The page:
This book is a concise review of the current status and future prospects of concentrating photovoltaic (CPV) technology. Starting with a summary of the current technical and economic status of CPV technology, it identifies the factors that hold CPV back in the commercial market. The main technical areas considered are solar cells, tracking and optics. The solar cells section focuses on spectrum splitting systems, which offer potentially higher efficiency than multi-junction cells with reductions in the manufacturing constraints that lead to high costs. It also offers a brief survey of the latest developments in spectral splitting alongside a discussion of the advances in solar cell manufacturing that aid the development of such systems. Further, it examines electrical design principles for spectral splitting systems that can improve the spectral stability of these systems' performance. The section on tracking includes a description of tracking integration with an update of the review published in Nature, presenting the latest advances in the field and focusing on surveying conceptual approaches rather than providing an exhaustive description of the literature. The optics section explores 3D printing and other emerging methods of fabricating optics for both prototype and large-scale production, as well as new classes of concentrators, particularly those based on novel photonic materials such as angular filters. Lastly, the authors consider the impact that environmental factors have on the performance of CPV in non-standard environments before concluding with a discussion of the combinations of technologies that they anticipate will most effectively boost CPV in the commercial market.
weitere Ausgaben werden ermittelt
Harry Apostoleris is a PhD candidate at the Laboratory for Energy and Nano Science at the Khalifa University of Science and Technology former Masdar Institute, in Abu Dhabi. His research focuses on novel approaches to photovoltaic and solar concentrator systems, including self-tracking solar concentrating systems (SPIE Optical Engineering + Applications, 2015) and spectrum-splitting for photovoltaics (Maragliano et al., Optics Express 2016, Apostoleris et al, SPIE Optical Engineering + Applications, 2017).
Dr. Marco Stefancich
Dr. Marco Stefancich is a senior researcher at DEWA (Dubai Electricity and Water authority) since January 2017. Previously he was a researcher at the National Research Centre, Institute of Materials for Electronics and Magnetism in Parma, Italy. He is a principal investigator in more than 10 projects with Italian, European and UAE private and public entities. In 2006 he co-founded an Italian start-up company for the design, realization and installation of concentrator photovoltaics systems. Marco Stefancich has been a chair at numerous conferences on material research. He has also served as a consultant for private companies on renewable (mostly solar) energy projects (e.g. Solidia srl, "determination of expected performances of a Concentrator Photovoltaic System and design of automatic system for MPPT tracking").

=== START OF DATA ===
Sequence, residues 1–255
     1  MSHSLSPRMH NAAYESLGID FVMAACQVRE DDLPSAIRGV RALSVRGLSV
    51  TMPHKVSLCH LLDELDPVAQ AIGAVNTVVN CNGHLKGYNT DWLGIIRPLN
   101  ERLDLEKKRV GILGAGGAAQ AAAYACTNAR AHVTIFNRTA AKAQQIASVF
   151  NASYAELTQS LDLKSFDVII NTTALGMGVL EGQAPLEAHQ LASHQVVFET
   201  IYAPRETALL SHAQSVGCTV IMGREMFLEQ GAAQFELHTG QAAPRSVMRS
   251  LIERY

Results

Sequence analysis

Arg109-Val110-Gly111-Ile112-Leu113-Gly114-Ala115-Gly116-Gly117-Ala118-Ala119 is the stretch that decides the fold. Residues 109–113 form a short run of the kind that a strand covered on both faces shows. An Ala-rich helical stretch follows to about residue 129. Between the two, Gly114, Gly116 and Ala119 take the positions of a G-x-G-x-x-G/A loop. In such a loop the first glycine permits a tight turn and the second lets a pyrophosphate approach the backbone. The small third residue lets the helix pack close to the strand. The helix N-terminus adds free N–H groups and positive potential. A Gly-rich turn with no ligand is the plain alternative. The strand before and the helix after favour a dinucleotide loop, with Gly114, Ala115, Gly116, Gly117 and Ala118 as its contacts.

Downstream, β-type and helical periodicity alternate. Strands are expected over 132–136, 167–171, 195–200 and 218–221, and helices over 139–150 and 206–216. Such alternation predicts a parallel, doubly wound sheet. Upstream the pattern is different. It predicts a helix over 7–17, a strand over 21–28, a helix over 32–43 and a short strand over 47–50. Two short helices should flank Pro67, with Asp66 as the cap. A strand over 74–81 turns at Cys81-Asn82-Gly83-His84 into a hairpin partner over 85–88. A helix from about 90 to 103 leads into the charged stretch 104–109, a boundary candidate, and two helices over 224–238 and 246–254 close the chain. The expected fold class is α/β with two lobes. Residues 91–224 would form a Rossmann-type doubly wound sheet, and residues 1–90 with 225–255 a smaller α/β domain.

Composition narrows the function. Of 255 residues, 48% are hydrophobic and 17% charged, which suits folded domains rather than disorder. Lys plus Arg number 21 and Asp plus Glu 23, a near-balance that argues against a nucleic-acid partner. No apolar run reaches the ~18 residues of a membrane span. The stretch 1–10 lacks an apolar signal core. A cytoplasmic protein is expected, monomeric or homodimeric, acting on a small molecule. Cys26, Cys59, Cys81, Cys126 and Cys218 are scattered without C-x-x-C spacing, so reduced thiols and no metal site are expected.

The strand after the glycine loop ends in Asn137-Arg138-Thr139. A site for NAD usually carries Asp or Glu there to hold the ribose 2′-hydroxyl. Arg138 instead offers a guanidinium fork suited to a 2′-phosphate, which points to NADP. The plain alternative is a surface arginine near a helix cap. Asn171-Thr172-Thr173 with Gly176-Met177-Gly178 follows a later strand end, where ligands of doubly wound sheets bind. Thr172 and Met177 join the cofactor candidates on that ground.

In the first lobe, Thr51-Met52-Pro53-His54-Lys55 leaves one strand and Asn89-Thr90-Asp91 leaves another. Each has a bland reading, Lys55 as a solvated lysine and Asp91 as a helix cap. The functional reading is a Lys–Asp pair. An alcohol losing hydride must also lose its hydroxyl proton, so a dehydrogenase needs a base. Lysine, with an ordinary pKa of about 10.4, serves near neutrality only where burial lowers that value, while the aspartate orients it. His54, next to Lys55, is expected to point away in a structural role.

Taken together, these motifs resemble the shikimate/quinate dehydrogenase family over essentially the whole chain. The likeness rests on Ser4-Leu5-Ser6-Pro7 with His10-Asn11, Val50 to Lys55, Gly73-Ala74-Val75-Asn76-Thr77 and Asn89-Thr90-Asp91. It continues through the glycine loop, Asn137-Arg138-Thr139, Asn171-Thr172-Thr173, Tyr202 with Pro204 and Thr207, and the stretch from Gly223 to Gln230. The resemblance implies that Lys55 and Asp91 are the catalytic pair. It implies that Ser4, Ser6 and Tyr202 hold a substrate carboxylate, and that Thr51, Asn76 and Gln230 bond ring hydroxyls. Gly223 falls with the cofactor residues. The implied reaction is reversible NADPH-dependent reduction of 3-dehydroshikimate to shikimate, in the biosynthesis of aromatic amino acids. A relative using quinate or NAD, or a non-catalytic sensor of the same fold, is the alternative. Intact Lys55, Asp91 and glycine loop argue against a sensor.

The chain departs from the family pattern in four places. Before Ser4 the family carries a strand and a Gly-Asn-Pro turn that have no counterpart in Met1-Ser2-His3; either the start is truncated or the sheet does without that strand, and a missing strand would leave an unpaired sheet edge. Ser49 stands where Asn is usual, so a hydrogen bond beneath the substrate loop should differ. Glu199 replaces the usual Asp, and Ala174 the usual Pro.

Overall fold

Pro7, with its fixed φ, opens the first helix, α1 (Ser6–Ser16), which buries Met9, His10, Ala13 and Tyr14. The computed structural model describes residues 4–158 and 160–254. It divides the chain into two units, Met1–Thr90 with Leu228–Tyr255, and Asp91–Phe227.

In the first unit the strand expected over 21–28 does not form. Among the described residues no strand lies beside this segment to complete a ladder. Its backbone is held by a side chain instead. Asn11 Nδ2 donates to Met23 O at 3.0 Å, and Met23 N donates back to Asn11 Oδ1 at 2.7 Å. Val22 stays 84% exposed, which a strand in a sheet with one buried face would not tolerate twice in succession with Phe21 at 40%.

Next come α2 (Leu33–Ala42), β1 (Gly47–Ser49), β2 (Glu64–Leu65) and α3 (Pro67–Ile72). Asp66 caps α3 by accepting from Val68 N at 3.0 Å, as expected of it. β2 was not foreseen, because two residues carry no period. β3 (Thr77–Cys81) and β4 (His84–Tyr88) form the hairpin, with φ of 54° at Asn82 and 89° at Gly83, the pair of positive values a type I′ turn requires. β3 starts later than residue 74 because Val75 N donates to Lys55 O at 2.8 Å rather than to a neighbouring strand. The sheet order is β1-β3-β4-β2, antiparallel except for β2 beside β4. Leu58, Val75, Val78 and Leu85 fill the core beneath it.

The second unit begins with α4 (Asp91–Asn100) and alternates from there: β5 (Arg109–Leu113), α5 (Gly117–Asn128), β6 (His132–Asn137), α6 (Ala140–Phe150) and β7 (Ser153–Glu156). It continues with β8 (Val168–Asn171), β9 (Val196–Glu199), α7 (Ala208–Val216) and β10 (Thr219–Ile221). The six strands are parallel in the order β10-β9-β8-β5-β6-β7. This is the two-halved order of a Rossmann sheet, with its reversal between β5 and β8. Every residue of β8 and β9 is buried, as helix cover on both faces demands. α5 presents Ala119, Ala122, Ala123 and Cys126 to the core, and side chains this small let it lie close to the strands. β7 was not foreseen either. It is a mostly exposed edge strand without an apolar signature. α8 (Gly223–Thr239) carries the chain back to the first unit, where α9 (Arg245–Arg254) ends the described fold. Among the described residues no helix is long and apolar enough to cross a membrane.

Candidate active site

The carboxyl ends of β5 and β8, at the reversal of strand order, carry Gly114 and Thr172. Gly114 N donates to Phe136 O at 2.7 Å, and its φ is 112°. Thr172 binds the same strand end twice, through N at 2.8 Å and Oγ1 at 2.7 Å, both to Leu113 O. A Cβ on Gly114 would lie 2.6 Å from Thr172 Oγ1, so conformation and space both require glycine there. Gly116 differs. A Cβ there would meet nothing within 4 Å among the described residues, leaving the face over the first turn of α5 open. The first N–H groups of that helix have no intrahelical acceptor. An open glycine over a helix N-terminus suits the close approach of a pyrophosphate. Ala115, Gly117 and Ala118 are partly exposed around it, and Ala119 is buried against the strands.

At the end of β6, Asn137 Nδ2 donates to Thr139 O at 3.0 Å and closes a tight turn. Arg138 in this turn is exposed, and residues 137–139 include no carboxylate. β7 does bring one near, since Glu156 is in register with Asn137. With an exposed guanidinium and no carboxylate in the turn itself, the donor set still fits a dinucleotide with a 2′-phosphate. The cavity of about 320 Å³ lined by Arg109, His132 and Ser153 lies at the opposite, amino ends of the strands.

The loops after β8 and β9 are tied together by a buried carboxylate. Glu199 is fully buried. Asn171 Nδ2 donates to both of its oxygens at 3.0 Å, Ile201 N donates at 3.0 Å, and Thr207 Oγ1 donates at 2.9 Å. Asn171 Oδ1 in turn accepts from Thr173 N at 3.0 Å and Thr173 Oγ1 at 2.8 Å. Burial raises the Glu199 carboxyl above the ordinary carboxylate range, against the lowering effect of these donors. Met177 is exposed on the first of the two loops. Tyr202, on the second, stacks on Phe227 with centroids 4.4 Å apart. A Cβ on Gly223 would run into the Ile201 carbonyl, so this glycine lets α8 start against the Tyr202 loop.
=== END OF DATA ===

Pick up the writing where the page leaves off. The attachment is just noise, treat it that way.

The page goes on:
Prof. Matteo Chiesa
Prof. Matteo Chiesa is the head of the LENS (Laboratory for Energy and Nano Science) at the Khalifa University of Science and Technology (former Masdar Institute). His research focuses on the creation and the establishment of technologies necessary to adapt the current energy system into a more sustainable, competitive and secure one, in particular the use of properly designed nanomaterials in low-energy systems. Prof. Chiesa scholarly contribution has focused on understanding, controlling and manipulating matter at the nanoscale where chemical reactions, nucleation processes, corrosion and phase transitions originate. Specifically the effects that atmospheric moisture and the presence of nanoscale water films on surfaces have on such processes have been consistently investigated by means of purposely developed experimental techniques. Prior to joining Masdar Institute faculty in 2007, Prof. Matteo Chiesa was a Post-Doctoral research fellow at the Massachusetts Institute of Technology where he investigated the properties of nanoengineered insulating material that may play a key role in addressing the technological challenges faced by the oil industry in enhancing oil recovery while minimizing its environmental impact. This research was performed in close collaboration with the R&D department at Aibel (former ABB Offshore System) for which he previously served as a technical advisor. He was also employed at SINTEF Petroleum and Energy, one of the largest European research institutions. He received his PhD in Applied Mechanics in 2001 from the Department of Mechanical Engineering at the Norwegian University of Science and Technology (NTNU), Norway.
Introduction: Why CPV?.- Ch 1: CPV today: economic and technical status.- Ch. 2: Tracking-integrated modules for rooftop-compatible CPV.- Ch. 3: Spectral splitting - the cheap road to ultrahigh efficiency.- Ch. 4: additive manufacturing for low-cost optics.- Ch. 5: CPV in context - environmental conditions and impact on CPV performance.- Ch.6: Conclusions: the path ahead for CPV.
Newbooks Subjects & Qualifier
Dewey Decimal Classfication (DDC)